He knew now he would have to tell them what he had done. "Yes, I was one of these men who went to protect the children. But I wasn't fearless or loving. I went because I was afraid. I didn't care about the children, I just didn't want to die. Can you understand that?!
          "And I wasn't chosen - I begged, begged them to let me go. Then came that strange day in the forest. Everything filled with a blinding light. It was so powerful it had to have been a light blast from some horrendous holocaust, and I ran. Yes, I left the children, ran and hid in a cave. I've lived in that cave ever since. I don't know what happened to the children."
          Suddenly he had a strange thought. These people looking at him were those children grown to maturity. They had come back to judge him.
          "Yes," he said, the words coming slow and broken. "I left you to perish in that blinding light. All I thought about was myself. I was terrified with my own fear. That's why I did it. I wish it could have been different." 
           He sank back into his chair and stared blankly at the floor, while tears of shame, guilt and then relief ran down his race. He had never told anyone before.
          The white lady waited until the old man raised his eyes, then she asked, "Would you like to know what happened when you ran back into the cave?"  He nodded. "Would you like to know how my story ends?"
          "Yes, I would," he said, leaning forward in his chair.
          "Well, after the children went into the forest, those of us who remained behind had no choice but to accept our fate. As we did so, our fear disappeared! We were no longer afraid, even of world's end. A great peace swept across the earth.
         "Then the last day arrived. Everyone gathered at the appointed hour in front of their sets, and the face of her whom they called the   godmother appeared to each of them, and here is what she said.     'Your work is all but done. You have changed war into peace, and transformed fear into trust. To each of you I say well done. The next step is so simple your minds will deny it. You have but to join together, speak with one voice, and open yourselves to the power within you'."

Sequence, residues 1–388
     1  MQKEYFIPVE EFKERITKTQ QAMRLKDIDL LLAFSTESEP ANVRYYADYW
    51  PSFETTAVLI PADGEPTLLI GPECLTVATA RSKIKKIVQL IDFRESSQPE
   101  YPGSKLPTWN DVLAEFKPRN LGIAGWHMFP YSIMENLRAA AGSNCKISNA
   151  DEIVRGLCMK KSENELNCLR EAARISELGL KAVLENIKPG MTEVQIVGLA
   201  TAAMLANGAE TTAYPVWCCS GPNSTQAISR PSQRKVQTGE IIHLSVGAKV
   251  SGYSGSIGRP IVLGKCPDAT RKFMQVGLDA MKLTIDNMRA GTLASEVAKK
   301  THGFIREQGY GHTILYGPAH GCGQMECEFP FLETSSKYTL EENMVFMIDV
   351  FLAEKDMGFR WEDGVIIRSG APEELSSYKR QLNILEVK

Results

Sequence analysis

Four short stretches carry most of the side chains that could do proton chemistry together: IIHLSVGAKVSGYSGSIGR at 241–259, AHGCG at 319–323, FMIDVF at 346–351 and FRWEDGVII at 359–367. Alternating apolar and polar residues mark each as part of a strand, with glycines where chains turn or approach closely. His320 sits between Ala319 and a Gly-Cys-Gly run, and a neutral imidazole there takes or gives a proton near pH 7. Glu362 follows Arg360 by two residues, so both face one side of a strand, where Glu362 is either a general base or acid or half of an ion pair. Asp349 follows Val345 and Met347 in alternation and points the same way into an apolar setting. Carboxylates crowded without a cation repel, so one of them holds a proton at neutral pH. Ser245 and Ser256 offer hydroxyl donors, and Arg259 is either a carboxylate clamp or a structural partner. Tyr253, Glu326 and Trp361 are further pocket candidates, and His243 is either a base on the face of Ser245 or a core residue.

"For you now stand ready to know the full truth of your being - you now can be trusted with the power of the universe that has been locked within your hearts since time began. You are now ready for a happier world. Come let us cross over together. Let us open our hearts to each other and speak with one voice!" And these were the words that were spoken by every person on earth. We the people of earth, of one mind and heart open ourselves to the power of love and truth.'
         "And with these words, spoken at the same moment in time by every loving person on earth, everything was changed. The butterfly left its cocoon of fear and darkness, and the earth shone like a luminous pearl in the heavens." 
          The old man sat there, nodding his head slowly. He now knew what happened on that strange day in the forest. That flash of blinding light had been the bursting force of that power locked within the human heart. But that moment of human destiny had passed him by. In fear he had run back to the cave, while they had gone forward.
          He longed for another chance. And as he sat there the godmother got up and began walking towards him, and he knew that it was true - they had come back for him.
          He got to his feet and walked forward to meet her, his hands outstretched in greeting. When she took his hands in hers and smiled into his eyes, he felt himself filling with light and his heart bursting with joy. A faint smile trembled on his lips as all about him he could hear singing and laughter. The celebration had begun. 
         The last one had crossed over into the light.

Austin Repath: " The Last One grew out of an idea I read about in a fascinating book, The Gospel of Relativity. However, the story quickly developed into a dialogue between two sides of myself. One side, the rational, sees world events as the logical steps to global catastrophe. Another side of me sees what we are living through as merely the necessary steps to a future beyond our wildest imaginings.And this is the way the story ends."

Austin Repath is a gifted teacher, writer and story teller. His stories explore the depth of human experience and feeling and evoke a healing response in his listeners. Austin has been invited to tell his stories throughout Canada, the U.S. and England.

Copyright 1996: All rights reserved, must have written permission by the author to reprint.

To contact or find out more about Austin Repath write to Reed Press at 252 Salem Ave, Toronto, ON M6H  3C7 Canada Or email to